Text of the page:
Anthony Grbic received the B.A.Sc., M.A.Sc., and Ph.D. degrees in electrical engineering from the University of Toronto, Canada, in 1998, 2000, and 2005, respectively. In 2006, he joined the Department of Electrical Engineering and Computer Science, University of Michigan, Ann Arbor, MI, USA, where he is currently a Professor. His research interests include engineered electromagnetic structures (metamaterials, metasurfaces, electromagnetic band-gap materials, frequency-selective surfaces), microwave circuits, antennas, plasmonics, wireless power transmission, and analytical electromagnetics/optics.
Anthony Grbic has made pioneering contributions to the theory and development of electromagnetic metamaterials and metasurfaces: finely textured, engineered electromagnetic structures/surfaces that offer unprecedented wavefront control. Dr. Grbic is a Fellow of the IEEE. He is currently an IEEE Microwave Theory and Techniques Society Distinguished Microwave Lecturer (2022-2025). He is also serving on the IEEE Antennas and Propagation Society (AP-S) Field Awards Committee and IEEE Fellow Selection Committee. From 2018 to 2021, he has served as a member of the Scientific Advisory Board, International Congress on Artificial Materials for Novel Wave Phenomena – Metamaterials. In addition, he has been Vice Chair of Technical Activities for the IEEE Antennas and Propagation Society, Chapter IV (Trident), IEEE Southeastern Michigan Section, from Sept. 2007 – 2021. From July 2010 to July 2015, he was Associate Editor for the rapid publication journal IEEE Antennas and Wireless Propagation Letters. Prof Grbic was Technical Program Co-Chair in 2012 and Topic Co-Chair in 2016 and 2017 for the IEEE International Symposium on Antennas and Propagation and USNC-URSI National Radio Science Meeting. Dr. Grbic was the recipient of AFOSR Young Investigator Award as well as NSF Faculty Early Career Development Award in 2008, the Presidential Early Career Award for Scientists and Engineers in January 2010. He also received an Outstanding Young Engineer Award from the IEEE Microwave Theory and Techniques Society, a Henry Russel Award from the University of Michigan, and a Booker Fellowship from the United States National Committee of the International Union of Radio Science in 2011. He was the inaugural recipient of the Ernest and Bettine Kuh Distinguished Faculty Scholar Award in the Department of Electrical and Computer Science, University of Michigan in 2012. In 2018, Prof. Anthony Grbic received a 2018 University of Michigan Faculty Recognition Award for outstanding achievement in scholarly research, excellence as a teacher, advisor and mentor, and distinguished service to the institution and profession. In 2021, he was selected as 1 of 5 finalists worldwide for the A.F. Harvey Engineering Research Prize, for his pioneering contributions to field of electromagnetic metamaterials. The A.F. Harvey Prize is the Institution of Engineering and Technology’s (IET’s) most valuable prize fund.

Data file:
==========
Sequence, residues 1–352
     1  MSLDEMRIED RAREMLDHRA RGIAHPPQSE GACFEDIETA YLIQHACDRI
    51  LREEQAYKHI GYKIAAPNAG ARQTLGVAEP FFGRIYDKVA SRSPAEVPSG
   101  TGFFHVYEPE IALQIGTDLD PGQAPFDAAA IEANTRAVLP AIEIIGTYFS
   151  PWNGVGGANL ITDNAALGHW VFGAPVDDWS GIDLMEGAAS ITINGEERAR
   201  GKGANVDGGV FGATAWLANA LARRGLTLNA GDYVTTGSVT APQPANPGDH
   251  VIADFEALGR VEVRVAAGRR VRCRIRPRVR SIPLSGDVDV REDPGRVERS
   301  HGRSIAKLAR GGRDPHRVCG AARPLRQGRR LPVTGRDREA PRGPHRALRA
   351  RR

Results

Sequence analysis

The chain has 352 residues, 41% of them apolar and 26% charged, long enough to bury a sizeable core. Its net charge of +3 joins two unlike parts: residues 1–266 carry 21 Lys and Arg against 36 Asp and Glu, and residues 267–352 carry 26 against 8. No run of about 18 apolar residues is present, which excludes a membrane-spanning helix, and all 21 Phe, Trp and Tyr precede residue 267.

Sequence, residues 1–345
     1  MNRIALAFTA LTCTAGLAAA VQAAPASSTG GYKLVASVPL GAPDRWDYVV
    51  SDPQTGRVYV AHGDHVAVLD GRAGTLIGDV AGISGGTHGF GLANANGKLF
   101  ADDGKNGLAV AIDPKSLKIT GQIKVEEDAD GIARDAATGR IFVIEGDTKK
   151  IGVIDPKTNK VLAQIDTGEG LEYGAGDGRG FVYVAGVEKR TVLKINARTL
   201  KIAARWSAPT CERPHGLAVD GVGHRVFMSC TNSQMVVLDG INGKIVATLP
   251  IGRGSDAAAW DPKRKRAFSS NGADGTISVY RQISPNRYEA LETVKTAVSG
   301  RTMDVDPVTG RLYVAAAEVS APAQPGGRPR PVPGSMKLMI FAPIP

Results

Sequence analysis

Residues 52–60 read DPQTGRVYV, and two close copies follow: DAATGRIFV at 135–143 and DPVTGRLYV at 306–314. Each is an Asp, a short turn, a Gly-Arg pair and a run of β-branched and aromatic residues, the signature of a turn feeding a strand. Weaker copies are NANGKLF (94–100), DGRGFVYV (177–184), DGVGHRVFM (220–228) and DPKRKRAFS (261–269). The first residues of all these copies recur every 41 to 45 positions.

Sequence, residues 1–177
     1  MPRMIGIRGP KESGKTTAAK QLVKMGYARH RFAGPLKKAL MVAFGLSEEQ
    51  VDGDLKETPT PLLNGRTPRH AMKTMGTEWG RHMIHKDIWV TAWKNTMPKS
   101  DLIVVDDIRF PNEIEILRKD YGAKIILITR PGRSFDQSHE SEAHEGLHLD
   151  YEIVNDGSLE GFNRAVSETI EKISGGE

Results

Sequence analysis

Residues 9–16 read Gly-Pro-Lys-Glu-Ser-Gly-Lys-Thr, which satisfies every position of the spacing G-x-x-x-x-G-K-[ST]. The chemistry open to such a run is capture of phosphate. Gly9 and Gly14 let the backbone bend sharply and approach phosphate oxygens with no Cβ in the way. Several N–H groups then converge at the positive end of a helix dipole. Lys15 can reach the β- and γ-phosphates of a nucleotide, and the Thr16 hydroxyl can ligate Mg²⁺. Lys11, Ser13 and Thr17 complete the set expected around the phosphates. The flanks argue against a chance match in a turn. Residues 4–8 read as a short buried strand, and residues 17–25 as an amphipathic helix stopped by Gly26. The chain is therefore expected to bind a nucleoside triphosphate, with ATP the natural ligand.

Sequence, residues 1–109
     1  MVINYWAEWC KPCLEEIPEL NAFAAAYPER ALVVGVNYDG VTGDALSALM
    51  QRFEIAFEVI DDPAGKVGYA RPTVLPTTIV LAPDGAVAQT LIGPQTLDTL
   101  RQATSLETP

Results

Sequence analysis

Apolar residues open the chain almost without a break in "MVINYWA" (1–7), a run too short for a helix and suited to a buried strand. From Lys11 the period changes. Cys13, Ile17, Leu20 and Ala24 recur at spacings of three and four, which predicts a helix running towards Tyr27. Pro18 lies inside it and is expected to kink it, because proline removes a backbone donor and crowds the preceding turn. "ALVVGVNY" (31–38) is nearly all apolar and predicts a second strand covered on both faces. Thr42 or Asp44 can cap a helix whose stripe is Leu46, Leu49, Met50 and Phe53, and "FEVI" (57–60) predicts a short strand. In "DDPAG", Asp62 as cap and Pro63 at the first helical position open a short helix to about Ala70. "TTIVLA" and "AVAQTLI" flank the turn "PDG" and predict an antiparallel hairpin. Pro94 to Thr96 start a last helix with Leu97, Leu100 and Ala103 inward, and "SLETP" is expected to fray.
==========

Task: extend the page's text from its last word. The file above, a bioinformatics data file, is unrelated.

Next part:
The research area of metamaterials has captured the imagination of scientists and engineers over the past two decades by allowing unprecedented control of electromagnetic fields. The extreme manipulation of fields has been made possible by the fine spatial control and wide range of material properties that can be attained through subwavelength structuring. Research in this area has resulted in devices which overcome the diffraction limit, render objects invisible, and even break time reversal symmetry. It has also led to flattened and conformal optical systems and ultra-thin antennas. This seminar will identify recent advances in the growing area of metamaterials, with a focus on metasurfaces: two dimensional metamaterials. The talk will explain what they are, the promise they hold, and how these field-transforming surfaces are forcing the rethinking of electromagnetic/optical design.
Electromagnetic metasurfaces are finely patterned surfaces whose intricate patterns/textures dictate their electromagnetic properties. Conventional field-shaping devices, such as lenses in prescription eye glasses or a magnifying glass, require thickness (propagation length) to manipulate electromagnetic waves through interference. In contrast, metasurfaces manipulate electromagnetic waves across negligible thicknesses through surface interactions, by impressing abrupt phase and amplitude discontinuities onto a wavefront. The role of the visible (propagating) and invisible (evanescent) spectrum in establishing these discontinuities will be explained. In addition, it will be shown how metasurfaces allow the complete transformation of fields across a boundary, and how this unique property is driving a new generation of ultra-compact electromagnetic and optical devices with unparalleled field control. Metasurfaces will be described that exhibit various field tailoring capabilities including multiwavelength and multifunctional performances and extreme field shaping. In addition, metasurfaces with multi-input to multi-output capabilities will be presented that open new opportunities in adaptive and trainable designs.